The situation is so pathetic that while receiving lectures of some lecturers in school, we go to collect the notes of seniors about 3years ahead of us and found the note the lecturer his presently given as the same; as though nothing new has been said on that subject of recent times. The case is the same in other sector including the administrative area; they run nursing just as it has always been done, nothing new. Little wonder, everything remains redundant, nobody is ready to stake something and go out even if it is an unknown land. It seems to me as though, don’t we have something new to contribute to the growth of the profession? Or are we so daft that we could not reason out something new? Are we there already? Well, I have read many journals of nursing and considered the topics and contribution of the research; some does not look like a problem solving research I see in other professional journal. Even the few good researches are not been implemented and I wonder what our PhD holders are doing. As we do not desire to involve in nursing things, we also do not desire to get involved in non-nursing things. The area of politics is one of the other aspect nurses are afraid to get involved in; we act by a lot of many lies we hear about politics, little wonder, the inferiority complex that most nurses display before other health professionals. We are timid and afraid, we are not ready to pay the price for change and if we don’t, things will remain where it has always been.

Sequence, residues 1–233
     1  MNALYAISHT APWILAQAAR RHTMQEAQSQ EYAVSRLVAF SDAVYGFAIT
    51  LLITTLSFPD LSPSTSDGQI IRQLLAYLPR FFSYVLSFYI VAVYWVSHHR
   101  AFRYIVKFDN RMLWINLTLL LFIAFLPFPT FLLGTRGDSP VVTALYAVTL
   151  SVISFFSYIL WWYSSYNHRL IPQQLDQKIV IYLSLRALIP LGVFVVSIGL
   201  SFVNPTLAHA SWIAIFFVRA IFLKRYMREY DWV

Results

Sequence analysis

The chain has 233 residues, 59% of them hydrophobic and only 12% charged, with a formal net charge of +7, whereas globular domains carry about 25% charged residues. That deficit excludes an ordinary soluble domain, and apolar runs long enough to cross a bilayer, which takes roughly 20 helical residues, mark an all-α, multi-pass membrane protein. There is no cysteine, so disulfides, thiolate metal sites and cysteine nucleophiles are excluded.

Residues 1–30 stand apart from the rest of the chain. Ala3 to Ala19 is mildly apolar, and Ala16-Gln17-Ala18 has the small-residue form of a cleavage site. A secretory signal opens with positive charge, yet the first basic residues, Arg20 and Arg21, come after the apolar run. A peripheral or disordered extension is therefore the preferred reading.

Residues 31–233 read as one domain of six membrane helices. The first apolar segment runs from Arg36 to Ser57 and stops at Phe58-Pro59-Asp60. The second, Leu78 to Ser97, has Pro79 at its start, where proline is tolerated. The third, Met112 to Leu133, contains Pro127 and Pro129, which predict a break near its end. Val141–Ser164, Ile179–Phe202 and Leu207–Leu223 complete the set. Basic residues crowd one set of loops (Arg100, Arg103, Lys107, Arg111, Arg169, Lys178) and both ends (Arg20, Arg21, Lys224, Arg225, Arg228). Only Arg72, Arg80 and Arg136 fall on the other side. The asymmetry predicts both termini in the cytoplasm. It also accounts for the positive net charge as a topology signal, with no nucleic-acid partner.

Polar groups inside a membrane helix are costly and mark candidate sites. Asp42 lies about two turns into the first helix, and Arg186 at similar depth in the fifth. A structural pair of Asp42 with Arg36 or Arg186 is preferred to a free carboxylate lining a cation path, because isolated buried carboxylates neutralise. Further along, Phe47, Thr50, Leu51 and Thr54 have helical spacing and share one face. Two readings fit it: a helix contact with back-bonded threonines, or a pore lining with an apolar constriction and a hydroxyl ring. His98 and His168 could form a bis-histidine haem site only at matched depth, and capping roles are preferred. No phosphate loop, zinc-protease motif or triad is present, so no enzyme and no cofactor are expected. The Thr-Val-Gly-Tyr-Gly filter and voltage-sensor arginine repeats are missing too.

Nursing: An Uncultivated Field

Obviously, when all these things are considered, it is enough to frustrate a fresh and agile mind out of the profession. I was almost becoming a victim of this cowardice act of jumping out of nursing when I had encounter with El-Nursing. He revealed himself as Jehovah Rehoboth ‘the Lord my portion or who giveth me room’. He showed me the vast and uncultivated areas in nursing that no matter how many we may be, there is definitely a room for you to dominate and take charge.

I see a lot of people jumping into master’s degree and post basic diploma all in the name of ‘that is what we have for now’. Now, the masters degree program done in nursing Nigeria are not more than 5; most of which really have little to do with the clinical area. Why must we do something because we have no choice or other alternative? If we continue to find ourselves in this locus, then we must wait for another century, perhaps generation for a change. Are we afraid of bringing most of the post basic diploma courses to master’s level? Or are we satisfied with OND, HND status? The answer is simple; we can’t pay the price of pioneering some of these courses, since we have little or no one who holds a master or PhD in these post-basic courses presently in Nigeria. It could not get to the university; all because we keep doing things as it as always been. We localize ourselves to the system provided. We keep going for public health, med-surge, and MCH at master level and most of our diploma sisters rest their case in one post-basic diploma.